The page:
I almost forgot to mention that Derek and I have started a podcast and the first (really the 2nd, but the first is burning in Hell) episode is up at his site on this page... here.

In it you'll get to hear me admit to things that I've done in my distant past that I've never told anyone before (and it just gets worse* in later episodes). How fun can THAT be? Oodles, I'm sure. So check it out.

* "Worse? Or better?" This Invader Zim Quote Moment is brought to you by my silly brain.

There will be no IF post this week.

At least not by me.

I don't know if I've ever felt less like drawing than I have this week. Although the potential awesomeness that could come from "Jungle" is something that has been missing from the last several topics, absolutely nothing is compelling me to do it. So, I'm sorry to anyone who might have been looking forward to it. Next week might be better.

Tuesday, June 13, 2006

"In praise of video games."

OpinionJournal - "The Brain Workout"

The above article is another take on gaming that feels right to me, a gamer for as long as I can remember. I'm also noticing the positive effects of gaming on my two kids who have both been playing video games since they've been able to manage the controllers. My six year old daughter amazes me with her skills at 'Guitar Hero'.

Thursday, June 08, 2006

This just in...

One of my coworkers passed along the news that they are opening "Europe's first detox clinic for game addicts"... In AMSTERDAM!

That's right. The home of legalized drugs and prostitution is now the place to send your game addicted child or mate.

I read that the doctor has already treated addicts aged 13 to 30. All I can say is that was one SMART 13 year-old.

"Gosh mom, I've been playing Halo 2 for 72 hours straight. I think I might have a problem. I hear that they can help me in Amsterdam. If you really love me, you'll send me. And let me use your VISA card."

That boy will come home with hair on his chest and hash in his pockets.

Here are my favorite bits of the article:

"It can start with a Game Boy, perhaps given by parents hoping to keep their children occupied but away from the television. From there it can progress to multilevel games that aren't made to be won."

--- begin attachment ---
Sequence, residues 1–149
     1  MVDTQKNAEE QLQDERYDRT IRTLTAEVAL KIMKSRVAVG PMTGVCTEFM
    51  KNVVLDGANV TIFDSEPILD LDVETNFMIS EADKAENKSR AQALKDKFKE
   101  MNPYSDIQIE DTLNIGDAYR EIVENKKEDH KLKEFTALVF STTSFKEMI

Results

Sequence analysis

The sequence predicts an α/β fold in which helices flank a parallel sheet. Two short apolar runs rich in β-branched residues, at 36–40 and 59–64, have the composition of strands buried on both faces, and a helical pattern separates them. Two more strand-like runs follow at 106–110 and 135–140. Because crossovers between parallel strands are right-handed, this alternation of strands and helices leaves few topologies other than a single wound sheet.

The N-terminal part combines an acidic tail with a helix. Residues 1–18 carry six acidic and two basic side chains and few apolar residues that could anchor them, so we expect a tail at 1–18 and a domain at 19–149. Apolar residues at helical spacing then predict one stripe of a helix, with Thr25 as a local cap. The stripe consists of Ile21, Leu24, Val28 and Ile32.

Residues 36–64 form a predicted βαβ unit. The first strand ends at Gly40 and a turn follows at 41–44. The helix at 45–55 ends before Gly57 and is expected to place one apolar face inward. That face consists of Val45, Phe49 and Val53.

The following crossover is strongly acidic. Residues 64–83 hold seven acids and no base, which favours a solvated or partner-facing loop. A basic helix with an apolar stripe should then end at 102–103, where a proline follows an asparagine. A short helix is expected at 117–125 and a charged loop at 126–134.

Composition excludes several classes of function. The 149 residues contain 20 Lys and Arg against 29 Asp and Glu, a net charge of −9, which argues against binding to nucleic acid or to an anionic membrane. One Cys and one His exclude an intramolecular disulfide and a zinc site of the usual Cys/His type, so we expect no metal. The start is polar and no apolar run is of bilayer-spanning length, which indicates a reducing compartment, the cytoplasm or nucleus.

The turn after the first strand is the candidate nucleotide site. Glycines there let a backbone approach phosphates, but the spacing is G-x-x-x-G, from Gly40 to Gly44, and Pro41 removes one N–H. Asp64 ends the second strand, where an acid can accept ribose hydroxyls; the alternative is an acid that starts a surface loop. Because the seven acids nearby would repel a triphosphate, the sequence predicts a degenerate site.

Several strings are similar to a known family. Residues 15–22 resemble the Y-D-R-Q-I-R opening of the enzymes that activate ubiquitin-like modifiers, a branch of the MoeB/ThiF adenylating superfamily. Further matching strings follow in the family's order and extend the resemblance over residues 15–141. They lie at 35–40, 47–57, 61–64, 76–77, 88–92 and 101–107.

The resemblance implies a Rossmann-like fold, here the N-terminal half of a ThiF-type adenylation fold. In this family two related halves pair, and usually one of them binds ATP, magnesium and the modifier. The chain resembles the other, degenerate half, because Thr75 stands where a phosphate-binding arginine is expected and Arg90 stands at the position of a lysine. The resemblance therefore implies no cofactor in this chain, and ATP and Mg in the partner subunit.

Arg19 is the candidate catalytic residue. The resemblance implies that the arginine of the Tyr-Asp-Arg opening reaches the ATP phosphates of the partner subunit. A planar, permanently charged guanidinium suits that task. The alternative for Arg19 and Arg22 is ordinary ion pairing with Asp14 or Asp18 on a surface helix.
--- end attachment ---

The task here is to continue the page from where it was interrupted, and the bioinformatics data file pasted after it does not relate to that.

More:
Like... Frogger? Galaga? Space Invaders? Pac-Man? The list goes on. And giving a Gameboy to your child to distract him from TELEVISION? It has a 3" screen! When I was a kid my dad would smack me for sitting within two FEET of the TV! How could any parent think that looking at a teeny screen would be better than watching a big screen? "My child bumps into a lot more things now, but at least he's not watching Jeopardy as much as he used to."

"Many of these kids believe that when they sit down, they're going to play two games and then do their homework," he said.

And it goes on from there to make no relevant point whatsoever. So... they do what? Break out the bong and the hours slip away? And that paragraph led straight into this one:

However, unlike other addicts, most gamers received their first game from their parents. "Because it's so new, parents don't see that this is something that can be dangerous," Bakker said.

Wha? uh.. WHAT?! Are you INSANE? Video games were around when I was a kid, and I played the crap out of them! How can this be new to parents? Were they raised by the Amish? Now, I know that my dad didn't understand video games, but to be honest he didn't really understand board games. "Games" weren't his thing. Civil War books, battle information and guns were his thing. But I would imagine that most people who are parents of kids around the same ages as my own KNOW about video games! "New". Pfft. And how many alcoholics started by raiding their parent's bar? Or smokers who stole their parents cigs? It's absurd.

I also gather from the stories of "Tim" and "Hyke", and their eventual turning to drugs to stay awake so they could play longer, that a key way for parents to combat gaming addiction is to limit their child's access to drugs, particularly pot which should be very easy to do since this is going to be located in AMSTERDAM.

Wednesday, June 07, 2006

Illustration Friday: Portrait

No, I wasn't terribly inspired by this topic, but I decided that I needed to treat it like a job and just get it done regardless of my lack of creative juices. Frickin' juices.

So, here's the first attempt:


In my defense, it was a lot better in my head. Also, remember, I said I wasn't feeling very creative.

Then I started shape doodling and came up with this: